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Uninterruptible Power Supply

Uninterruptible Power Supply (UPS) systems provide emergency or backup power to a load when the input power supply fails. It provides near-instantaneous protection from input power interruptions, generally through the use of batteries. A UPS has a relatively short runtime, but is usually sufficient to allow for proper shutdown of sensitive equipment, start-up of a more secure power supply, or for the issue to be resolved.

A UPS is generally used to protect data loss from sensitive communication devices, to ensure the reliability of critical equipment such as in hospitals, or to provide minimum power for equipment such as emergency lighting.

When is a UPS right for you?

  1. Applications with critical electrical equipment installed or with sensitive communications devices or information
  2. Voltage spikes or sustained overvoltage; voltage dips
  3. Unstable input power supply causing equipment malfunction or unplanned downtime
  4. Noise, voltage transients or harmonics

How does a UPS work?

A UPS includes a battery, inverter and charging device (including rectifier). While mains power is connected, it is used to power connected equipment and connects to the battery charger. When an outage occurs, the UPS battery provides the power to the connected equipment through an inverter (converting the DC output of the battery to AC to power the equipment).

UPS systems can be connected to operate in three main ways:

1. Standby – the UPS is normally connected to the main power, and provides battery backup power should the supply voltage fall outside of the determined operating values. The UPS switches the connected equipment on to its DC-AC inverter output.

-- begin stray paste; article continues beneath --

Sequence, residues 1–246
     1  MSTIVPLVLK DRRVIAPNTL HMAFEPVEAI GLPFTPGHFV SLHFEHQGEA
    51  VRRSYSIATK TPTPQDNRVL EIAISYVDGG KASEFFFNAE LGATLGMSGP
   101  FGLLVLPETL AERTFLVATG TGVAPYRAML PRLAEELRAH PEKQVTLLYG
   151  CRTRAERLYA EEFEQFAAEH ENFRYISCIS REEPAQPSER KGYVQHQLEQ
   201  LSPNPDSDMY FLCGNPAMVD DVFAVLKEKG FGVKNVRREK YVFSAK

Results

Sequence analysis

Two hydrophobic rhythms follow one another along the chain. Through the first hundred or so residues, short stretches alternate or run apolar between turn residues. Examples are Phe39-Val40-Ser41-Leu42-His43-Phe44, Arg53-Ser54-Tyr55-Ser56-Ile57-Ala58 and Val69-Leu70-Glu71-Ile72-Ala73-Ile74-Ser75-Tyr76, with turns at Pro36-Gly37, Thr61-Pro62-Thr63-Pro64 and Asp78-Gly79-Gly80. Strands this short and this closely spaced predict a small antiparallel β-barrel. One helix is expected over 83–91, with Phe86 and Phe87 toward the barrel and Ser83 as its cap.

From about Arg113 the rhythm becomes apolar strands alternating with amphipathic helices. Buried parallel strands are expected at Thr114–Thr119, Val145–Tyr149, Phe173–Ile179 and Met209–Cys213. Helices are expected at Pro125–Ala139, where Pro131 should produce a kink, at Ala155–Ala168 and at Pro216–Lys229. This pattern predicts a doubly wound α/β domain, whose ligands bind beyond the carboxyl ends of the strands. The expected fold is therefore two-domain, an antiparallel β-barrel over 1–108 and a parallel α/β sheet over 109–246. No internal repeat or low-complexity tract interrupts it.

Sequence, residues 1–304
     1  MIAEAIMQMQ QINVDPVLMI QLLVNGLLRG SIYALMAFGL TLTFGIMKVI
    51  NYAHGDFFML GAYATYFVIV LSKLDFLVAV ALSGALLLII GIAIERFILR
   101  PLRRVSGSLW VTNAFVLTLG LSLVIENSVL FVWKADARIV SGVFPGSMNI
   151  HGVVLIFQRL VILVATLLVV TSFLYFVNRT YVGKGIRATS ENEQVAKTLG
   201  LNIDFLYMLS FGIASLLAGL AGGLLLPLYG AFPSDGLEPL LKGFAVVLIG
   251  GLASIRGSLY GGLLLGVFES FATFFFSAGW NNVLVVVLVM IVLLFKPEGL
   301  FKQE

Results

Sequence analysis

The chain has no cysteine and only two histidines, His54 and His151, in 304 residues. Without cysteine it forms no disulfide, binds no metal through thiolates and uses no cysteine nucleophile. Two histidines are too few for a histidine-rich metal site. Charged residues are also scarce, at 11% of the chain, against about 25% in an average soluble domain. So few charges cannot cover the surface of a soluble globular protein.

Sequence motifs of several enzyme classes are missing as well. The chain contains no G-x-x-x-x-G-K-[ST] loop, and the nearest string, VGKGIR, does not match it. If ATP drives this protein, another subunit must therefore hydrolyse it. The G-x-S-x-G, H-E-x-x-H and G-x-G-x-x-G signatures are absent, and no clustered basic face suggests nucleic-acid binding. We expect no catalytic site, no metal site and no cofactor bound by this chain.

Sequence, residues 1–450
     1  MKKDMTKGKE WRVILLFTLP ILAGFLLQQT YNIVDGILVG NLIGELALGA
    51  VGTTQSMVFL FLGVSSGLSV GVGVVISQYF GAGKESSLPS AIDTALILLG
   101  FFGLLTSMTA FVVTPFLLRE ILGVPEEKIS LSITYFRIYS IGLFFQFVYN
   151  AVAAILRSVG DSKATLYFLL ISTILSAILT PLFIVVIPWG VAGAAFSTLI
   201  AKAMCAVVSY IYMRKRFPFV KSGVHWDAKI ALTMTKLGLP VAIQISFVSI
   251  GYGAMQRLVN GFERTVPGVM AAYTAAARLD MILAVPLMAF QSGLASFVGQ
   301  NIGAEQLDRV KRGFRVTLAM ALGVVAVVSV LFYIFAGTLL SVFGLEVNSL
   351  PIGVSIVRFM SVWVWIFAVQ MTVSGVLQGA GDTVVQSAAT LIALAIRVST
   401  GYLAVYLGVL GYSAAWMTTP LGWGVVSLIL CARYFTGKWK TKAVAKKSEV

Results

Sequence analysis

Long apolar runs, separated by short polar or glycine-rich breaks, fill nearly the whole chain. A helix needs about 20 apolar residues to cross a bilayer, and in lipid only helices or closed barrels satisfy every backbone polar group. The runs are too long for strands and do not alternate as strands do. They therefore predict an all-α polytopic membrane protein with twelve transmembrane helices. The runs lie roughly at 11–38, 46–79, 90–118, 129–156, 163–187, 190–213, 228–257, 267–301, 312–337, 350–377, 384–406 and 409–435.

2. Line interactive – A line interactive UPS operates in a similar way to a standby UPS when power loss occurs. This type of UPS is able to tolerate continuous under and overvoltage conditions without switching to the battery supply by using an autotransformer to compensate for voltage dips and spikes.

3. Online – In an online UPS, the batteries are always connected to the inverter, so that no power transfer switches are necessary. When power loss occurs, the rectifier simply drops out of the circuit and the batteries keep the power steady and unchanged. When power is restored, the rectifier resumes carrying most of the load and begins charging the batteries. The online UPS is ideal for environments where electrical isolation is necessary or for equipment that is very sensitive to power fluctuations.

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Figure: UPS system in standby mode

What we offer

Captech partner with APC to provide reliable UPS solutions.

Our range of products suit a broad range of applications including hospitals, shopping centres and other areas where redundancy is required including for emergency and critical power requirements.

 

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